Generic Name: valacyclovir (val a SYE kloe veer)
Brand Name: Valtrex
What is valacyclovir?
Valacyclovir is an antiviral drug. It slows the growth and spread of the herpes virus to help the body fight the infection.
Valacyclovir is used to treat infections caused by herpes viruses, including genital herpes, cold sores, and shingles (herpes zoster) in adults.
Valacyclovir is used to treat cold sores in children who are at least 12 years old, or chickenpox in children who are at least 2 years old.
Valacyclovir will not cure herpes and will not prevent you from spreading the virus to other people. However, this medicine can lessen the symptoms of an infection.
Valacyclovir may also be used for purposes not listed in this medication guide.
What is the most important information I should know about valacyclovir?
Follow all directions on your medicine label and package. Tell each of your healthcare providers about all your medical conditions, allergies, and all medicines you use.
What should I discuss with my healthcare provider before taking valacyclovir?
You should not use this medicine if you are allergic to valacyclovir or acyclovir (Zovirax).
To make sure valacyclovir is safe for you, tell your doctor if you have:
kidney disease (or if you are on dialysis);
HIV/AIDS, or other conditions that can weaken the immune system; or
a history of kidney transplant or bone marrow transplant.
It is not known whether this medicine will harm an unborn baby. However, herpes virus can be passed from an infected mother to her baby during childbirth. If you have genital herpes, it is very important to prevent herpes lesions during your pregnancy, so that you do not have a genital lesion when your baby is born.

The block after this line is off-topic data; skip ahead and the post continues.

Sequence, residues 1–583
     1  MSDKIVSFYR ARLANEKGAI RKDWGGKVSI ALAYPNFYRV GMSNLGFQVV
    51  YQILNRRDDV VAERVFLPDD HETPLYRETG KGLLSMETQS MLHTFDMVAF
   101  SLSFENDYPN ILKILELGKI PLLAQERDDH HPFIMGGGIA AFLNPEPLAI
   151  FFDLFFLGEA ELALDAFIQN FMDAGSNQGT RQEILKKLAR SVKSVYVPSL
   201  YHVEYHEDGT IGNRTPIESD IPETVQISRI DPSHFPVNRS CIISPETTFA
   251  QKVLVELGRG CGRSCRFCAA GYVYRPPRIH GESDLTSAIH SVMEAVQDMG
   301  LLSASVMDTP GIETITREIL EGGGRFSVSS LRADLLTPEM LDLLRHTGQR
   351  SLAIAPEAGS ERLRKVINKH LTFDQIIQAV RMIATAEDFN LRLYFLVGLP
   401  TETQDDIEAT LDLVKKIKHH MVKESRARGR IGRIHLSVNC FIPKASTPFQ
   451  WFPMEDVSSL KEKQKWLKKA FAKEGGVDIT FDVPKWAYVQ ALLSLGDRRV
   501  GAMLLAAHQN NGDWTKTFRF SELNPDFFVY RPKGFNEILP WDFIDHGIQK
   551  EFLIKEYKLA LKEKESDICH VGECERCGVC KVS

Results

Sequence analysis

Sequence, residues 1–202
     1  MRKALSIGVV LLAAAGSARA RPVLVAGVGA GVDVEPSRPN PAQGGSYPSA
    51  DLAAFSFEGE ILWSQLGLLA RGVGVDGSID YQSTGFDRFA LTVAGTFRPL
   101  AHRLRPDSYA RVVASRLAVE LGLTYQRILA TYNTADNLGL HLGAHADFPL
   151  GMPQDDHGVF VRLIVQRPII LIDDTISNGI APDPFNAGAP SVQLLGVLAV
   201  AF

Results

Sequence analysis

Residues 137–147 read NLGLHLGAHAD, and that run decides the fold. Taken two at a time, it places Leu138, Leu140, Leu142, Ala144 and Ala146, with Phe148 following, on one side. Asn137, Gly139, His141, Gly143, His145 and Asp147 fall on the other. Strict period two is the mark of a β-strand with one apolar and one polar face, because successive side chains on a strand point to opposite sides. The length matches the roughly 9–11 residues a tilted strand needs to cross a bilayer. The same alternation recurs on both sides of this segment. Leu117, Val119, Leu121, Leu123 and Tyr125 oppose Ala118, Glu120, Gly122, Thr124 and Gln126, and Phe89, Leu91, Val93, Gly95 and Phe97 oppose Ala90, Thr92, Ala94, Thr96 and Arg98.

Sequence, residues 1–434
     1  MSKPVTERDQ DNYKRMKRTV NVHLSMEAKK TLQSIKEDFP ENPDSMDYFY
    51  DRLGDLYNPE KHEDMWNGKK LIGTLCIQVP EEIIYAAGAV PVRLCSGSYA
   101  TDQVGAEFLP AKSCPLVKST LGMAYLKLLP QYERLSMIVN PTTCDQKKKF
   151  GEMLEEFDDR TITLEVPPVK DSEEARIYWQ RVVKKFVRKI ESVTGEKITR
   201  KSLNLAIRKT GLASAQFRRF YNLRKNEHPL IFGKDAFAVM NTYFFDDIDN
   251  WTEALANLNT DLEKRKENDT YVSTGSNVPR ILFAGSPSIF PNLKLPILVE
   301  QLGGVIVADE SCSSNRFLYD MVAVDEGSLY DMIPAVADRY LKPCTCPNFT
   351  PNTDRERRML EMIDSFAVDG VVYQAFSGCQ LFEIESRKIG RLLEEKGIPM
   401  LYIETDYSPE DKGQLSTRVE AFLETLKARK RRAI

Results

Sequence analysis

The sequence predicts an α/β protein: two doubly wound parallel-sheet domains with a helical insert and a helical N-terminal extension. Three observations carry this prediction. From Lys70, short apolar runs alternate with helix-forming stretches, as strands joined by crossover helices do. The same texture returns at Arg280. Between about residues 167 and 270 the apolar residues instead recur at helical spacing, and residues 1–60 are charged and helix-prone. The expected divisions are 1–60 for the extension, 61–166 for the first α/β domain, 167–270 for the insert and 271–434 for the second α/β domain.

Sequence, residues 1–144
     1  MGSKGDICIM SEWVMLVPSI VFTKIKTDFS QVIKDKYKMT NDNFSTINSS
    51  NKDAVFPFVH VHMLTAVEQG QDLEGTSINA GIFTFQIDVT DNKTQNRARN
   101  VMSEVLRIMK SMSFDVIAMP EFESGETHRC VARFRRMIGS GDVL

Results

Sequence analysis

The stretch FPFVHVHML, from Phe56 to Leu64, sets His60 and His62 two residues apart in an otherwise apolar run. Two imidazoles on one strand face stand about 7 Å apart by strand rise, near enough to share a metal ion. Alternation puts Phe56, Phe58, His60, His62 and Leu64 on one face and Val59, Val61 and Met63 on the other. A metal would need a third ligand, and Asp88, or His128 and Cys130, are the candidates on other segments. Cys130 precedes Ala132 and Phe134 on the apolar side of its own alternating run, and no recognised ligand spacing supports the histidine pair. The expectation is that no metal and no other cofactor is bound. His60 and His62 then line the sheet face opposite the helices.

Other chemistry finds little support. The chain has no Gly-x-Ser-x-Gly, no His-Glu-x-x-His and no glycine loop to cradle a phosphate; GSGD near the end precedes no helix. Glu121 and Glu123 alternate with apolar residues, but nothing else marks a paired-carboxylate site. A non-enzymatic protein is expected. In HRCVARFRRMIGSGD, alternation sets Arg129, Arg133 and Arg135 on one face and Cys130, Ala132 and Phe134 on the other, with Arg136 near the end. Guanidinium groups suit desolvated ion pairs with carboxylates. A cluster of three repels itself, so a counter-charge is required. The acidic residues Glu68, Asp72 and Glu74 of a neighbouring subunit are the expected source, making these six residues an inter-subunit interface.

Valacyclovir can pass into breast milk and may harm a nursing baby. Tell your doctor if you are breast-feeding a baby.
Do not give this medicine to a child without medical advice.
How should I take valacyclovir?
Follow all directions on your prescription label. Do not take this medicine in larger or smaller amounts or for longer than recommended.
Start taking valacyclovir as soon as possible after the first appearance of symptoms (such as tingling, burning, blisters). This medicine might not be as effective if you first start taking it 1 or 2 days after the start of your symptoms.
Some herpes infections need to be treated for longer than others. Use this medicine for the full prescribed length of time. Your symptoms may improve before the infection is completely cleared. Skipping doses may increase the risk of your virus becoming resistant to antiviral medicine.